The Spectrum Logo

A vintage soul: Q&A with Haley Reinhart

Musician talks Anderson .Paak, "What's That Sound?" and more

haley2

The ’60s haven’t ended yet, at least not until Haley Reinhart puts down the microphone.

The “American Idol” alum and Postmodern Jukebox singer just released her third studio album, “What’s That Sound?” on Sept. 22. The record is a classy and tasteful collection of cover songs and originals, all featuring Reinhart’s golden voice.

At 27 years old, Reinhart’s career is just beginning. “American Idol” gave her the tools for success in 2011, but Reinhart is embarking on her own journey to the past.

The singer discussed her musical adventure, new album and touring the world in an exclusive interview with The Spectrum.

Q: Before we get into your new music, I want to address the fact that you’re so gifted vocally. At what moment did you realize you had this gift?

A: Thanks. I remember being really young and hearing another young artist, LeAnn Rimes, singing on TV. I remember telling my parents that I could sing like that. Once I showed them, they started getting me on the big stage when I was really young; around 7 years old. And I always had a passion for it for sure.

Q: So you were on “American Idol” in 2011. I’m sure the main objective “American Idol” contestants have is to win. Oftentimes winners get automatic record deals. Do you think that coming in third place gave you more free-roam for your career?

A: It’s interesting to think back to, but I think it really does help to separate you a little bit from the show. As grateful as I am for it all, I also really wanted to create my own kind of space to write a record that’s original and which set me apart.

Q: After “Idol,” when you started touring in 2012, you had auditions to put a band together. You ultimately chose Anderson .Paak as your drummer. Do you remember his audition for the part? And did you have any idea that he’d wind up with his own blossoming career?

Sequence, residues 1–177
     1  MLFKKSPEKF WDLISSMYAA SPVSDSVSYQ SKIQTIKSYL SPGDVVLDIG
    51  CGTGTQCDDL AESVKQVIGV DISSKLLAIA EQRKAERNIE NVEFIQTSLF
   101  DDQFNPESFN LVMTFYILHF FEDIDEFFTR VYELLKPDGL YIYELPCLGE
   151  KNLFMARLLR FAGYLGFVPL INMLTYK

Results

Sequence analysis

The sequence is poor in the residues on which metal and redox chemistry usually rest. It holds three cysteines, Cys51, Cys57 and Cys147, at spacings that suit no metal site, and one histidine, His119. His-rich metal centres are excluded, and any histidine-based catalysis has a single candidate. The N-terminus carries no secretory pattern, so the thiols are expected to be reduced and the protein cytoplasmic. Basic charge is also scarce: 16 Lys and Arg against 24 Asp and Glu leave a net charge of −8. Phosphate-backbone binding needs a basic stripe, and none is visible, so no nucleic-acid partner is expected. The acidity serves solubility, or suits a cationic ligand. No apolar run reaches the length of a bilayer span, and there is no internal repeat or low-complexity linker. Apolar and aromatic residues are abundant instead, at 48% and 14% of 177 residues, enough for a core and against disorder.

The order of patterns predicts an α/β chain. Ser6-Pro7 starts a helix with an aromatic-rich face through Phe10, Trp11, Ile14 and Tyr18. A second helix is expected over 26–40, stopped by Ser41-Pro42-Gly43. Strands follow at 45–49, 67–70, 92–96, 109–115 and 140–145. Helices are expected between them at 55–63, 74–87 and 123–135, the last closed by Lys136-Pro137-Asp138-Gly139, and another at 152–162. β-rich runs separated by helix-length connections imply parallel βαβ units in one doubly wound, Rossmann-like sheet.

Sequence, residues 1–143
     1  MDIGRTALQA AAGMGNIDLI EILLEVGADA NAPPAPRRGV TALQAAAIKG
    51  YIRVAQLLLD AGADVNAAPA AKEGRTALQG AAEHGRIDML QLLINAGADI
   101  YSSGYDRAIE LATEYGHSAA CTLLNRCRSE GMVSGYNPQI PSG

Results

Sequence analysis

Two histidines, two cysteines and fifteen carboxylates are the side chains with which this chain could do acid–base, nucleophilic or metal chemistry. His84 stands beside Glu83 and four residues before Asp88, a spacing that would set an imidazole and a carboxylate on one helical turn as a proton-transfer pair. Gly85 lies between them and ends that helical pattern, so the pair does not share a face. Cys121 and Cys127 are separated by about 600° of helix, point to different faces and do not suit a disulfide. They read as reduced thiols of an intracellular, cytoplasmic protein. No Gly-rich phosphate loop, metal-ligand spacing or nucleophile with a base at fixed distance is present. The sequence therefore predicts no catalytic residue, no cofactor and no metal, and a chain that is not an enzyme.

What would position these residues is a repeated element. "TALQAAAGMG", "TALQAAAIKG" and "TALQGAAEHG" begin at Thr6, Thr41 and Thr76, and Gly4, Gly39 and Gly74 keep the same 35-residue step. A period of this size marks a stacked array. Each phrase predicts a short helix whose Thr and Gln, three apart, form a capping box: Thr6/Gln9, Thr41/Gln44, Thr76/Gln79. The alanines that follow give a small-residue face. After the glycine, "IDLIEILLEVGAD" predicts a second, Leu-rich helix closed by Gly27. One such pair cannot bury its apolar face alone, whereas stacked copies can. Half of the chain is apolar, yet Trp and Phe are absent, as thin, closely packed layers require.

A: It was crazy. Everybody that tried out turned out to be super successful. Anderson, we called him Breezy – Breezy Lovejoy – he was so special. I knew in my head that there was no other drummer at the audition [like him]. I remember having my parents on the phone. When he walked in, he definitely had a presence and a light around him. The way he played was so colorful and dynamic. I was like “wow, this kid is super special.” I knew he was doing music – mixtapes and stuff – but he could’ve done whatever he wanted. I had no idea that this would happen the way it did. I’m super happy and proud of him.

Q: “What’s That Sound?” is your second album in two years. When creating music, do you feel that there should ever be a time frame, or do you feel like the creative juices should just flow naturally?

A: I think it should happen naturally, but I’m so glad that I’ve gotten these last two out fairly close together. I waited like four years after the first one. You know, there has to be strategy involved if you want to put things out. Pick a good timeline. But if you have all this material, you want to make sure you get it out before you’re in another place mentally or vibe wise. It’s important to get it out when you feel the time’s right.